In reference to me complaining about my curfew, my father would grumble, “Nothing good happens after midnight.” Of course, he was talking about his fear of me coming home pregnant. These days there’s a different kind of risk. Specifically, the possibility of spending ridiculous amounts of money in the wee hours of the morning because … Amazon never sleeps. In fact, isn’t it comforting to know that social media, millions of websites and places like Amazon are wide awake when our bladders get us up at night and we can’t fall back to sleep after meeting the demand? Ah … Amazon. A site I’ve gotten to know even better after studiously doing the thing that all authors are strongly advised to do, in order to gain more sales of their books. Yes, I’m talking about advertising. These days, you can’t sling a cat without hitting an author and all of us want our books read. After all, we’ve poured our hearts and souls into these manuscripts and would like to afford to do it all again. Why? Because we clearly have a mental problem. If you need more proof, here it is … The average writer makes less than $10,000 per year. Personally, I think that amount is impressive. When my husband mathematically computed what I made last year, he found my wage to be less than four cents an hour, for the grand total of eighty three dollars and twenty cents! As sad as that seems, I felt surprised and thankful that I was still in the black. As with many “crafters”, a majority of writers do NOT do it for the money. After watching more advertising webinars than I care to admit, I’ve been studiously punting out ads onto the Amazon platform, while secretly hoping and dreaming that someday I might squeak out ten cents an hour. Three months into this, another author I’ve gotten to know messaged me with this amazing news. Her daughter threw a few tictoc videos onto that platform and she is convinced they’re helping even more with her book sales. She suggested I might try it. You’d think I’d feel elated about yet another grand opportunity to sell my wares but, instead, the immediate thought screaming inside my head was, “NOOOOO” … for so many reasons. Mostly, I felt that I’d already pushed the boundaries of my limited creativity to it’s breaking point. In hopes of hearing “I can do that for you”, I told a few people of my plight but quickly tired of their rebuttals, most of who replied, “they’re so easy a monkey could do them.” So … still knowing nothing about the tictoc platform, this monkey had a cry. A few days later, after completing the weepy stage of the grieving process, I entered into anger and vented to my daughter my many woes. One of my teenaged grandsons happened to be listening and he happily piped up. “Grandma, if you need to make tictoc reels I can show you how. They’re easy. My teacher taught me.” With my curiosity immediately peaked, I pulled a chair beside me and smiled. “Please. Sit,” said I. Nervous that he’d see his grandmother in a negative light, I then said, “I hope you don’t get too frustrated teaching this old dog the newest trick.” (I’m really not a monkey but I realize I’ve just called myself a dog.) In less than ten minutes he’d taught me how to make a simple reel on my newly-installed tictoc app. I then empty-promised him that if I ever got rich, he would be the recipient of some of that money. Before he got too excited, however, I smashed his dream when I told him the amount of money I made for my writing attempts last year, and suggested it be wise for him to continue his education. Cell phones, social media, websites and marketing. Although necessary, to at least some extent these days, will always be the bane of my existence!
Not even a fish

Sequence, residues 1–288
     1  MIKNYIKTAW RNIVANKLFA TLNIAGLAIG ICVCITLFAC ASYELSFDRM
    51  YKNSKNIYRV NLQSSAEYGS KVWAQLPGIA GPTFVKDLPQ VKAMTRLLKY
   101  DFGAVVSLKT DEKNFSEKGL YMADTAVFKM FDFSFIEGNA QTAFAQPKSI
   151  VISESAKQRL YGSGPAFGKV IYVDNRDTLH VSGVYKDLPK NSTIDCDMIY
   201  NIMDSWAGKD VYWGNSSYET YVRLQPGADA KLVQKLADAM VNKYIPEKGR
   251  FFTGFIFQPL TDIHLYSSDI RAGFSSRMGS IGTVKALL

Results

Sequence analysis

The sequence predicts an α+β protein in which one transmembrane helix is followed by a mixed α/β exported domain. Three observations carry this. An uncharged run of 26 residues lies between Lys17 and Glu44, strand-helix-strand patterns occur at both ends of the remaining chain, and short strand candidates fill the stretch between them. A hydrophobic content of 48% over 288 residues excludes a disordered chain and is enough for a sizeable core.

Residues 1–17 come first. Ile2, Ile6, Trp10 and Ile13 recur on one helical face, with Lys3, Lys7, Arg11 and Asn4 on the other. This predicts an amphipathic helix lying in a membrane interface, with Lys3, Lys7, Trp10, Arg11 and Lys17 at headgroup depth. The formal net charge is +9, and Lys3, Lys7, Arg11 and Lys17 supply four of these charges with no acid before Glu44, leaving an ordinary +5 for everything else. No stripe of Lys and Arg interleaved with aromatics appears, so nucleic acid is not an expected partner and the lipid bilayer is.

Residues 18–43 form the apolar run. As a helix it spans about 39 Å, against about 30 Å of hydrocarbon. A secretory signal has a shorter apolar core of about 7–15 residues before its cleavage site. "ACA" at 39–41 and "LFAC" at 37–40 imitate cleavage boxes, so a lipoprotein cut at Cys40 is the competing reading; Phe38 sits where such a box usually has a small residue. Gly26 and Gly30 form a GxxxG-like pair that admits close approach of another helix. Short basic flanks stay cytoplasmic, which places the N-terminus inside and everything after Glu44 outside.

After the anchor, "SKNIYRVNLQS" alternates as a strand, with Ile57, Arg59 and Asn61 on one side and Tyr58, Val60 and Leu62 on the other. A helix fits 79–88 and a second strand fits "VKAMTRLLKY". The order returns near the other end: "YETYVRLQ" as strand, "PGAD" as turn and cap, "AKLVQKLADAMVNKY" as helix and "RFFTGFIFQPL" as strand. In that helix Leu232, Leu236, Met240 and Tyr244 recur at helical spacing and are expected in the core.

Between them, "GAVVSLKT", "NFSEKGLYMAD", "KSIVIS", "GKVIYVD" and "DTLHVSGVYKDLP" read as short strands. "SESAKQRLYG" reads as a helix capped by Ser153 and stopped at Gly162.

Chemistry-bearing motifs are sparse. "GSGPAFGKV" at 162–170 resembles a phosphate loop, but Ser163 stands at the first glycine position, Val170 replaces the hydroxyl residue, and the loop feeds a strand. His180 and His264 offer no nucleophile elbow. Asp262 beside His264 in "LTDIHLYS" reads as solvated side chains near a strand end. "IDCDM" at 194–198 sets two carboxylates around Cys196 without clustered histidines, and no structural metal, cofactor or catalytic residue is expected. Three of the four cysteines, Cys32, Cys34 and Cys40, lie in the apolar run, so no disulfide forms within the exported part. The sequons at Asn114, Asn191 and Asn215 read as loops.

My husband and I recently spent the weekend with four of our grandchildren. This family of six live on an acreage full of non-humans, as well. Many are even inside the house. Anyone who knows me is aware that I am crazy for animals and love the outdoors more than life itself. NOT! Chickens are, as with most baby animals, really cute when they’re born. In a few weeks, however, they are not quite so attractive and they are a noisy bunch. The basement in this home currently houses these only-a-few-weeks-old squawkers because, as my daughter said, “They may have hatched a little early, for the weather.” There are other animals around and inside this homestead, also. They have very noisy roosters, ducks, cats and large dogs. Of course, pretty much every time the door opens, the cats run into the house, no doubt thinking chickens would be fun play things. As much as the cats want in, the two dogs want out, with their number one goal being — to run away. As nice as that may have sounded to me, we insisted they be tied up because just the evening before our arrival they’d both been to the vet for removal of quills from a pissed off porcupine. Last year those same dogs had more than one bout with skunks so our added goal was to keep them stink-free. This family lives in a work-in-progress older home which has been in-progress for the past several years. Imagining what the second story loft will look like someday is really fun. Sleeping up there, before the facelift, is a different story. “Honey! Did you hear that?” came out of my alarmed mouth more than a few times that first night. Hardly able to hear myself the next, I asked, “Is there an actual bird inside this ceiling?” That’s not a stretch because, not long ago, our eldest grandson stabbed a shrew that was running around behind the plastic that covers the ceiling. He proudly did away with it when he was testing out his newly acquired Katana sword. Just a bit of blood spatter is left, to remind us all of the kill. Speaking of swords … I went outside to check out the roosters (who crow incessantly, all day) and I glanced my fifteen and ten year old grandsons fighting with real ones. I don’t know if I’d simply given up at that point, or didn’t see the possible danger with this sort of activity. I knew, however, that I’d loosened up considerably since raising my own kids, when I yelled, “Just don’t lob off a finger!” They assured me, immediately, that swords have hand guards. I then remembered that I carry a first aide kit in the back of my car so I told them to carry on but, of course, to be careful. Yes, I realize as I write this — that made no sense — but a trip to the very distant ER wasn’t warranted, so it’s a win! Although I may not be an animal lover, if a person decides that it’s a necessary responsibility, I do believe they should be cared for well. I don’t know how many times my husband or I asked these questions: “Has so-and-so been fed?” (Of course every animal has been named.) “Do they all have water?” “Has anyone collected the eggs today?” (There’s a coop outside too!) And to two of our grandsons: “Weren’t there six chickens in the basement? You sleep down there — don’t you do a head count every now and then?” Yes … good times were had by all! The crowning moment, however, occurred mere hours before we left to return to our quiet, poop and straw-free home. One grandson went to rotate the many eggs in the incubator (housed in their dining room) and … you guessed it! A new chick had hatched! When raising our own children, I feel I did more than my share of compromising in the animal tolerance department. As wonderful as new life is, I must admit, I’m thankful that I don’t even own a fish.